Psychic steals $250,000 from victim

It takes a special kind of scumbag to be a psychic. Seriously. I mean, your job is basically to manipulate people who are at a low point in their lives. Lonely, sad, desperate and terribly uneducated people are seduced by these charlatans intent on bilking them out of their hard earned money.

It’s easy to feel judgmental about the suckers, like the case of “Jane Doe”, defrauded to the tune of 250,000 dollars by Lisa Debbie Adams. A self professed psychic, Adams told her that a curse had been placed while she was still a baby inside her mother’s womb. Despite how utterly stupid that may seem to us, people like Jane are susceptible to these superstitions. In the end, Adams succeeded in convincing Jane to give her entire life savings in a series of increasingly wild spending sprees (including the “spiritual” benevolence of Mercedes-Benz, a feeling perhaps familiar to some owners).

Should we punish the ignorant? Shall we forget they are victims merely because they were vulnerable, improperly educated dolts who had the misfortune of falling for a scam artist? It’s a cruel world if we can’t feel at least some sympathy. Reading the stories of victims reminds me how easy it is to fool desperate people wanting any easy answer to solve their problem. It’s a sad reality, a reminder that reason – the shield that should have protected these people against fraud – was paper thin.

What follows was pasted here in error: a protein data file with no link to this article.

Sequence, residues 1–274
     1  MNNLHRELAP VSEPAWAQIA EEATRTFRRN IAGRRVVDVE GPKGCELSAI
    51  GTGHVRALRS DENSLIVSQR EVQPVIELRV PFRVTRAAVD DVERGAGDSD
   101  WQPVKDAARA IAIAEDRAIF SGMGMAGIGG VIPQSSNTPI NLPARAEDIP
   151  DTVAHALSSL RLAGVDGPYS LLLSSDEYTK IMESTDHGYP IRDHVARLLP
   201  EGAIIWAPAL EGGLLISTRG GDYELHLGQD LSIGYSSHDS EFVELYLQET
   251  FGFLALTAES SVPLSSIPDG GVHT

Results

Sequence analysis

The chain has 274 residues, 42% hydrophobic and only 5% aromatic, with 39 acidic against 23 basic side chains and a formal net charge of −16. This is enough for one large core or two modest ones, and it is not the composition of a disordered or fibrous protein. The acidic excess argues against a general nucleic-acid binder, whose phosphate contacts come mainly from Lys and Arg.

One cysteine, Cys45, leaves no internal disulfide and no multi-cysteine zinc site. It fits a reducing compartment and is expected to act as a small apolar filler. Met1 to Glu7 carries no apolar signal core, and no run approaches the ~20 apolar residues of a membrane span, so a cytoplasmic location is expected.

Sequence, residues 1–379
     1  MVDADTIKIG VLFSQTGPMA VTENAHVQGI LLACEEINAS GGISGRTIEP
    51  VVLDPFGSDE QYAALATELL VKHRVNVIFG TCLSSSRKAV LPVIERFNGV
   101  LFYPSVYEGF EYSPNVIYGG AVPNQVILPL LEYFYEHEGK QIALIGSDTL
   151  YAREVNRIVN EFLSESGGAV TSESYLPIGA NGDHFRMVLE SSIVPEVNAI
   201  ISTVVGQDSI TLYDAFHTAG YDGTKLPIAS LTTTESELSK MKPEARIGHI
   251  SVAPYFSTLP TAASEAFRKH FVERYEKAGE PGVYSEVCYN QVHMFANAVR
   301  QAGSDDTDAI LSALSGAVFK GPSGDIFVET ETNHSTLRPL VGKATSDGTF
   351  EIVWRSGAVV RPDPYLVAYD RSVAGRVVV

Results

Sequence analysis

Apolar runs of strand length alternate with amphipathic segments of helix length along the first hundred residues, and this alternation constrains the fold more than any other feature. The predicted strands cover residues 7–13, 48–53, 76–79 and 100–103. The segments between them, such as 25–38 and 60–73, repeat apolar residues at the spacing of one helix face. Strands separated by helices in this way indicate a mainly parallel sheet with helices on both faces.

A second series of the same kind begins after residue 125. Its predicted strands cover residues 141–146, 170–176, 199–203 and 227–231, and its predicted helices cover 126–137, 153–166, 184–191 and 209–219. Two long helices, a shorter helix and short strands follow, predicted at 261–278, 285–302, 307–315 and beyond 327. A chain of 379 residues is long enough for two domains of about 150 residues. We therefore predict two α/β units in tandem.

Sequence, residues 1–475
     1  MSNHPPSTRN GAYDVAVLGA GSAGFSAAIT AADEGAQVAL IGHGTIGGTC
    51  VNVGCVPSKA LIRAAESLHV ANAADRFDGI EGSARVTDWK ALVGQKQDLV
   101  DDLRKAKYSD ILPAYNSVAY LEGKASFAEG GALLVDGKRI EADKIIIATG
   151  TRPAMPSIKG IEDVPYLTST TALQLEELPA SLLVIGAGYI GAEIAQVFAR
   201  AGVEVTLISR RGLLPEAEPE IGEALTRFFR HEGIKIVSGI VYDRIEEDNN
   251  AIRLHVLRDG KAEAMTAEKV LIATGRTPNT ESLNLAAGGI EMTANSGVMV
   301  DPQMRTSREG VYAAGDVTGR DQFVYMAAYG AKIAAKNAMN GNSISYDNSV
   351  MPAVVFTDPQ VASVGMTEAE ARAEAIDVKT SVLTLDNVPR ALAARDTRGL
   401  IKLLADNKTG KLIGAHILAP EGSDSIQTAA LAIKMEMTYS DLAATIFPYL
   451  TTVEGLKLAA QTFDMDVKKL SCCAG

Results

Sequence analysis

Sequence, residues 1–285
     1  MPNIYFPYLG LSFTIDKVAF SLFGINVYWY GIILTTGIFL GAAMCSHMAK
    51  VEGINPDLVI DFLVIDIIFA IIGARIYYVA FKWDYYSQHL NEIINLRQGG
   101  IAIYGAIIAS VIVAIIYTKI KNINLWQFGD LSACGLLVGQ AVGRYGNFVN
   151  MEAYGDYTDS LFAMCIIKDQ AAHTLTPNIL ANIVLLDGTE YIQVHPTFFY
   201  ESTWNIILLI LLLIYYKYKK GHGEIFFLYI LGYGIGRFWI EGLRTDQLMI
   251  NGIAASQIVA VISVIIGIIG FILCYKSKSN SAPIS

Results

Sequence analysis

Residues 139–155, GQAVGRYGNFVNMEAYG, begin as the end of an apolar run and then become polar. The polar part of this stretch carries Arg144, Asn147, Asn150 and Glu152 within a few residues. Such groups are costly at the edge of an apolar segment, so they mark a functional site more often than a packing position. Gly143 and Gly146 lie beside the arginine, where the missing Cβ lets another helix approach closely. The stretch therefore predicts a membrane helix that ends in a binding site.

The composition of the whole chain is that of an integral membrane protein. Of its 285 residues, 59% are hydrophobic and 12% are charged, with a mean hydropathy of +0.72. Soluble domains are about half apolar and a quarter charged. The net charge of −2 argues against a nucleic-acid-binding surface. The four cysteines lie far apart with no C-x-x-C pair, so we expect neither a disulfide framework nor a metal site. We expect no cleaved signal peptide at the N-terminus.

It’s time for us to ridicule psychics more, and I mean A LOT more. We need to expose them as the fraudsters and tricksters they are. There’s no need to make the belief in superstitions illegal; it’s far more affective to make it shameful, and object to ridicule. The funnier, the better. So you know what to do…

Comments (3)

  • avatar


    here’s the problem. tell two people that psychics are retarded bullshit and one person says “Duh!” and the other says “what does this say? I cant read”. Your only solution is the worldwide extermination of stupid people.

  • avatar


    There is a simple way to solve this dilemma. First, an institution is opened which scientifically and objectively tests the claims of potential psychics. Second, after a time, and with a very high ‘proficiency’ rate, this person will graduate or become certified. Third, this person will then be able to practice their factual skill, much like a CPA or Lawyer, et cetera. Sounds perfect. The only downside? A very, very poor rate of graduates. I expect a zero-sum win for science and skepticism.

  • avatar


    I love the idea of making superstitions illegal. What better way to rid the world of the menace from religion. That’s all today’s religions are, mythological superstition.

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